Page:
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Our daughter – Carer’s Story

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A number of carers have contacted Carers Support with their stories and wish to remain anonymous.



When our daughter was born, she was small, 4lb 14oz, she was taken straight away to an incubator in the special care unit, we did not see her again until the next day. It was very difficult travelling daily to the hospital just to see her. Gradually after a few weeks she gained weight and we were then allowed to take her home. As time passed we took her to all the usual clinics to be weighed & checked, it soon became apparent that there was “slowness” in her development, it was also noted that her feet were not in the lined up format that feet normally look.

From that moment in time our lives were drastically changed forever.

We had regular visits to different hospitals, even Great Ormond Street, seeing physiotherapists & consultants, also a very expensive time with the travelling costs involved. The first few years were really hard. We felt totally alone getting on with it.

Zoey was five months old when my wife became pregnant again, so watching Zoey’s slow development and apparent disabilities develop as time progressed, made life just plain hard to bear for both of us. When our son Ian was born, we lived in constant fear for a good few years, praying that he was not going to have the same development problems that Zoey had.

When Zoey was about three years old and still not walking, we were introduced to the Joseph Roundtree Foundation for assistance, they helped us a great deal with practical equipment, a washing machine & tumble dryer because of the nappies, (no disposable ones in those days!). They also advised us about benefits to assist us, as in mobility allowance and disability benefits. We applied when we knew about them and was then advised we could have claimed earlier!

Eventually Zoey was diagnosed with ‘cerebral palsy’ and ‘spastic’ on the hips. Zoey did not crawl, shuffle, or move around at all. She did not walk until she was about four years old and then was unsteady on her feet, she still is in some ways. Zoey was also incontinent until she was almost 15 years old.

Over those early years we did not have support for us as parents, there were no groups we could attend, no one to advise us, or understand how we were coping – or not.

“We struggled along for years, eventually that took a toll on our marriage and we did split for a short time. Thank goodness we managed to recover from that period.”

We were experiencing problems with finances as my wife could not return to paid work as she was originally going to do, she did have a very good job before the children came along. The life she now had was very hard emotionally, as she was home all day when I was working, only close friends & family to help when they could, but everyone has a life to live for themselves and not always there when you need them, also turning to them was not easy, you do not want to admit there is a problem, you felt you would have been seen as a failure. We struggled along for years, eventually that took a toll on our marriage and we did split for a short time. Thank goodness we managed to recover from that period.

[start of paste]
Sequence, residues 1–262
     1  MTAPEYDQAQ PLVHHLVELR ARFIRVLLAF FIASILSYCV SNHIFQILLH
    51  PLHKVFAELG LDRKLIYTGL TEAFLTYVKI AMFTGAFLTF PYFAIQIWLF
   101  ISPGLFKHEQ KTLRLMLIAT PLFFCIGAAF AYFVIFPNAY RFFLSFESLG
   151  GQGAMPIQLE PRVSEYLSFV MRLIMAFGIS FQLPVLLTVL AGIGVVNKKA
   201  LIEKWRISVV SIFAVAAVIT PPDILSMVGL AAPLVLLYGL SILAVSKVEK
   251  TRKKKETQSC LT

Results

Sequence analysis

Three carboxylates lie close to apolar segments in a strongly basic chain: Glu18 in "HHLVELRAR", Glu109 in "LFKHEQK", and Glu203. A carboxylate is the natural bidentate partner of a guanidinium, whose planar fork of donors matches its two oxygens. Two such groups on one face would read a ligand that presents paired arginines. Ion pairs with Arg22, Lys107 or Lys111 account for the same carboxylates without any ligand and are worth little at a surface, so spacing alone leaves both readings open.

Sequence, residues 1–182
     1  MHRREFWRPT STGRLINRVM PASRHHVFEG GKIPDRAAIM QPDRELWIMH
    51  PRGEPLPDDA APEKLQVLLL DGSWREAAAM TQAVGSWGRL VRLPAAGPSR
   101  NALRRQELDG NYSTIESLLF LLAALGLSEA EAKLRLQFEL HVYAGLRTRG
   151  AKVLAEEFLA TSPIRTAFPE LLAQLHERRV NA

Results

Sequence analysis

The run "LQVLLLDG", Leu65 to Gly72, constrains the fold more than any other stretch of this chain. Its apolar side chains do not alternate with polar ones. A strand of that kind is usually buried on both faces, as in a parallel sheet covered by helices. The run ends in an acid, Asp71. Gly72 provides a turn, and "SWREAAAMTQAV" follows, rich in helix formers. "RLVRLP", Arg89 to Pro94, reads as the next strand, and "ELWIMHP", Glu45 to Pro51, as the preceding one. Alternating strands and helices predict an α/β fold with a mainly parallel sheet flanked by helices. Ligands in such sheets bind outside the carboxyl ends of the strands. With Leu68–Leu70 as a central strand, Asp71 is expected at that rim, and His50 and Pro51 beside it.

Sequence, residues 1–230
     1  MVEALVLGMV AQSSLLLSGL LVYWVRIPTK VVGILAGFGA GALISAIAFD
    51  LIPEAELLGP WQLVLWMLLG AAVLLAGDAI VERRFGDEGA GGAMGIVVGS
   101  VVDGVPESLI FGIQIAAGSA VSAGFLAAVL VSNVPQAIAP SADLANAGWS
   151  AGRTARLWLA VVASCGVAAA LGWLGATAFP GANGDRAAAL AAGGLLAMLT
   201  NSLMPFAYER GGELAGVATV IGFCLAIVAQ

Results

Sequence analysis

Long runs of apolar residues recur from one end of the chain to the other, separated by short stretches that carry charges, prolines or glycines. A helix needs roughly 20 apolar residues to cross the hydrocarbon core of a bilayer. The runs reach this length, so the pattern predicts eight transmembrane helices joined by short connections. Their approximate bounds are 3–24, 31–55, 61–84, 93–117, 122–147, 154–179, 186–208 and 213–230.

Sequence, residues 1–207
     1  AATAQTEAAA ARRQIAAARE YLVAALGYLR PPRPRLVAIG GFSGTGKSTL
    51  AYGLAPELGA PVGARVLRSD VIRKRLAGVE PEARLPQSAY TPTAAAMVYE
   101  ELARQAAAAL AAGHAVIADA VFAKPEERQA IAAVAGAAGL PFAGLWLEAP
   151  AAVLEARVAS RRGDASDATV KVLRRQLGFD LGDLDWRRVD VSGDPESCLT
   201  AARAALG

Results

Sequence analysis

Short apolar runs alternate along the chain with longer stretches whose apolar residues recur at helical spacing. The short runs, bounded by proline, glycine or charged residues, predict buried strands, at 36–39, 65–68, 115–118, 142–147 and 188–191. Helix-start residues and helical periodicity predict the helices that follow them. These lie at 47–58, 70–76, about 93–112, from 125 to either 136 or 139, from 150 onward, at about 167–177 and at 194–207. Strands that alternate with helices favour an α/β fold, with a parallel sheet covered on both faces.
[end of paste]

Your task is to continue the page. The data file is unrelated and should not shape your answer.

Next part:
“Since moving to West Sussex almost five years ago, the support we have now is something so refreshing”

Since those early years, support for families has turned totally around, now there is so much more available not just for those with the disability but their families as well. Since moving to West Sussex almost five years ago, the support we have now is something so refreshing, we no longer feel isolated or alone, we are one of many and share issues from the organised meetings we attend, learning from others who have had issues and sorted them out with the assistance of carer’s support.

We have access to services to enhance Zoey’s daily living, bath grab rails, a tracker used with a computer to ensure we know where she is, she is a vulnerable person and we need to keep her safe when she is attending her day care centre.

As Zoey got older, life became a little easier for us, Zoey was attending a day centre which enabled my wife to eventually return to work and this also eased the financial hardship we had experienced over the years. We were both carers for Zoey depending on the need at the time & who were there to deal with the need.

I retired almost five years ago to become the main carer for our daughter as my wife was still working and her journey was 100 mile round trip every day.

It is now unfortunate that I have cancer, I had an operation to remove my kidney 18 months ago and my wife has since been doing everything for both of us as well as working full time. She is now giving up work to care full time for both me and Zoey, as it has now become just all too much. She will not receive any financial benefits other than maybe carer’s support, if she is entitled to claim.

The good thing is she will now be able to attend the social gatherings with other carers on a more regular basis for top tips and handy hints, not forgetting a good relaxed few hours with others in the same situation.

By | 2017-08-17T10:26:36+00:00 July 29th, 2016|Blog|0 Comments

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